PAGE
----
CPR Therapeutics Inc. (CPR-T), a Vermont-based medical device start-up company, announced today that it has received three U.S. patents for inventions that will contribute to the development of its breakthrough technology for cardiopulmonary resuscitation.
The first patent (US11,684,542) is for CPR devices that use more than one type of compression pattern to increase blood flow on both sides of the heart.
The second (US11,679,059) is for CPR devices that push on the patient’s chest in varying locations and in differing combinations as a means to provide precision personalized resuscitation and enhance blood flow.
The third, (US11,684,541) is for circumferential vest CPR devices that enhance blood return to the heart as a means of increasing overall blood flow. This patent was simultaneously allowed by the European Patent Office.
Funded by both the National Institutes of Health and the National Science Foundation, CPR Therapeutics Inc. is developing the first advanced technology automated CPR system that integrates and synchronizes multiple innovations into a single system that can be easily applied under emergency conditions. This multimodal CPR cannot be performed by humans, and significantly increases blood flow to the heart and brain while enhancing electrical countershock in ways previously only available in laboratory settings. Increased blood flow and more effective countershock will both contribute to better patient outcomes in cardiac arrest, the leading single killer in Western Countries.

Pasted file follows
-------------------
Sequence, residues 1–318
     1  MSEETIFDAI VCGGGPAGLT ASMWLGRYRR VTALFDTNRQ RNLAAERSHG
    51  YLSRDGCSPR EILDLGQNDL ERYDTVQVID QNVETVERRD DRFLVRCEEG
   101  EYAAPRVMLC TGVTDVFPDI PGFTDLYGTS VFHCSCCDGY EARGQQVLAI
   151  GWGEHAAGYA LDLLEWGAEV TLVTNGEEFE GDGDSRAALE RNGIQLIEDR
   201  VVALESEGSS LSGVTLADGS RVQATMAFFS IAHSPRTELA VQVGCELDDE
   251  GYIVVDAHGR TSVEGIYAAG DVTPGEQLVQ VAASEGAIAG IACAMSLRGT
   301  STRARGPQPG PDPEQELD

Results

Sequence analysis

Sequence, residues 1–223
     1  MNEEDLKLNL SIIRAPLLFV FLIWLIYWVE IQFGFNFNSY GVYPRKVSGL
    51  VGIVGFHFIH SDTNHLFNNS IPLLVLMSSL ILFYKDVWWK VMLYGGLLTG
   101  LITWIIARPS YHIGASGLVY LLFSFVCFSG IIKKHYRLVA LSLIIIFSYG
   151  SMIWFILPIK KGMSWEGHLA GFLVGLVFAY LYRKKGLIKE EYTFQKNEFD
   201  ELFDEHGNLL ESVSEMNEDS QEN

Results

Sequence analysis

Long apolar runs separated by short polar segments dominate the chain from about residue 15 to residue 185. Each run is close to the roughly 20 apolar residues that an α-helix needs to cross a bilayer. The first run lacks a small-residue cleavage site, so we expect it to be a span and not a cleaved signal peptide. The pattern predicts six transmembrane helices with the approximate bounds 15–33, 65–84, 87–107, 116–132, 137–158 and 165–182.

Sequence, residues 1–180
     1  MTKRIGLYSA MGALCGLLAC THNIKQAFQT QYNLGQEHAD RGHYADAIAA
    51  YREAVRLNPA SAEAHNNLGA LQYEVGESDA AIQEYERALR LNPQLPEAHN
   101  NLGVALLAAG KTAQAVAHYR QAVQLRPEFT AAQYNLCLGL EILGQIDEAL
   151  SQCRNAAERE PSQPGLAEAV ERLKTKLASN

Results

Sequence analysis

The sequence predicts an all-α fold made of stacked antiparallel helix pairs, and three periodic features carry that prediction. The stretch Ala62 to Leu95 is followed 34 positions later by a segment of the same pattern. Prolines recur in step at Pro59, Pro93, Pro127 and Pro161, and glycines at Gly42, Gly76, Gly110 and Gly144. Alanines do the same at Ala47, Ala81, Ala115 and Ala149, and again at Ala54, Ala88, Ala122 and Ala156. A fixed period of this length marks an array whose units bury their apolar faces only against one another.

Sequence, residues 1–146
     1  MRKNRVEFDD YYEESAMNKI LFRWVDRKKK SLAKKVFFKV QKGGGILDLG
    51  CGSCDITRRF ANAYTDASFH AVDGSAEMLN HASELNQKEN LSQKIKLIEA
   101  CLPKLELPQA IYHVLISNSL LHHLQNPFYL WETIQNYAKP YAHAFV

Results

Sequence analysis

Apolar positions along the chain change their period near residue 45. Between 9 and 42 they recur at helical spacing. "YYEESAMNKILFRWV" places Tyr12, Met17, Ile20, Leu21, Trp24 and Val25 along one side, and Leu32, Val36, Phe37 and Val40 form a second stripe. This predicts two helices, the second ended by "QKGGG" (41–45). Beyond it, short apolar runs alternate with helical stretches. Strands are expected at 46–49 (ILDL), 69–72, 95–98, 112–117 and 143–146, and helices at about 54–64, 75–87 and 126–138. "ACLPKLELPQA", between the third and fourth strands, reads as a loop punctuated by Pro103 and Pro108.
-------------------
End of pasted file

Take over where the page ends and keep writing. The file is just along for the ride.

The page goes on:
Norman Paradis MD, CPR Therapeutics Founder and CEO stated: “Receiving all three patents in one week is a wonderful coincidence that highlights the breadth of our innovation. We already knew that our existing patent portfolio was strong and provided a sound foundation for our future commercial efforts. Now it is even stronger. I believe any one of these patents could justifiably be called a breakthrough invention in and of itself.”
Nathaniel A. Wickliffe, the company’s patent attorney commented: ”It is always pleasing when the originality and utility of a client’s invention is validated by the U.S. Patent Office. Each of these patents individually would be a source of pride for an early-stage medical device startup. Taken together, and added to the company’s already deep and broad intellectual property portfolio, they contribute to CPR
Therapeutics’ strong intellectual property position.”
Lastly, Dr. Paradis added: “These are major milestones for the company and add to our first-mover advantage with respect to next generation CPR. It would be hard to overestimate the head-start we have in developing the first broadly innovative, widely applicable, and clinically effective treatment for this major unmet medical need.”